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Clin Biomech (Bristol, Avon). 2015 Aug;30(7):662-8. doi: 10.1016/j.clinbiomech.2015.05.008. Epub 2015 May 22.

Deformation of the gluteal soft tissues during sitting.

Author information

School of Computer Science, Engineering and Mathematics, Flinders University, Adelaide, SA 5001, Australia; School of Engineering, University of South Australia, Adelaide, SA 5001, Australia. Electronic address:
University of Michigan Transportation Research Institute, University of Michigan, Ann Arbor, MI 48109, USA.
Sansom Institute for Health Research, Division of Health Sciences, University of South Australia, Adelaide, SA 5001, Australia.



Excessive deformation of soft tissues is considered to be one of the major contributing factors to discomfort and injury for individuals who sit for long periods of time. Soft tissue deformation in research has been measured under the assumption that tissues deform uniaxially below the ischium, with very small or negligible deformations taking place in other directions. Therefore, this study describes the deformation of the gluteus maximus muscle and surrounding fat tissues in the buttock region for seated subjects.


In vivo measurements of the deformation for the gluteal soft tissues were obtained from MRI scans of six seated subjects. Each subject was scanned in weight-bearing and non-weight-bearing sitting postures using a Positional MRI scanner (Fonar 0.6 Tesla Indomitable™). Deformations were measured below the ischium and the proximal femur. Deformation of the gluteus maximus was also measured in the distal direction along the thigh for each subject.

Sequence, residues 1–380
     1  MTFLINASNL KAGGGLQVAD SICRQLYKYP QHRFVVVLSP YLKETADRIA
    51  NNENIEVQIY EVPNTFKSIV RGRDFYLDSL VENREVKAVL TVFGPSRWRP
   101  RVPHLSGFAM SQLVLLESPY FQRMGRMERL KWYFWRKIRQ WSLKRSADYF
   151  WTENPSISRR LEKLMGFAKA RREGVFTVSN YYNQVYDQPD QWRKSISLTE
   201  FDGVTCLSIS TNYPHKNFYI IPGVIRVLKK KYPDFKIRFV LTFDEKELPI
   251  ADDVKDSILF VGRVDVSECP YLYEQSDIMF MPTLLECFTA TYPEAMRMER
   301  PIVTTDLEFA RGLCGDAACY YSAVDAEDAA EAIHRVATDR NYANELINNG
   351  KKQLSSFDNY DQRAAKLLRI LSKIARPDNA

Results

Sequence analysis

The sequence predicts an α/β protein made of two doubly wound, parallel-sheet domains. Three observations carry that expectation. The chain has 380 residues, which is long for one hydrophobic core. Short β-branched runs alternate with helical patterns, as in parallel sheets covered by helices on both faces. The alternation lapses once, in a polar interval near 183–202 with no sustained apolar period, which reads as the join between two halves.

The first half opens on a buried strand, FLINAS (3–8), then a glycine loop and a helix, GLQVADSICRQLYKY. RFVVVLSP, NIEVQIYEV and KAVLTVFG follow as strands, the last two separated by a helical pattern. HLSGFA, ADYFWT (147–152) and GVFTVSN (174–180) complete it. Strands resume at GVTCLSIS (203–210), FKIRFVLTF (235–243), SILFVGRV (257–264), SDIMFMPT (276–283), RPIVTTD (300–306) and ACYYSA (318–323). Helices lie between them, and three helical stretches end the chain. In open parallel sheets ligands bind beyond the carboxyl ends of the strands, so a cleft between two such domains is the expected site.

Our data suggest that soft tissues undergo three-dimensional deformation with considerable components below the ischium (mean of 21.4mm) and in the distal direction along the thigh (mean of 20.3mm). Differences in muscle deformation below the ischium were also observed between obese (mean of 27.4mm) and non-obese subjects (mean of 16.5mm).


Findings of this study demonstrate that tissue deformations in sitting include complex three-dimensional motions that are not well approximated by two-dimensional models.


Fat; In-vivo compression; MRI; Muscle; Pelvis; Seating; Soft tissues

[Indexed for MEDLINE]

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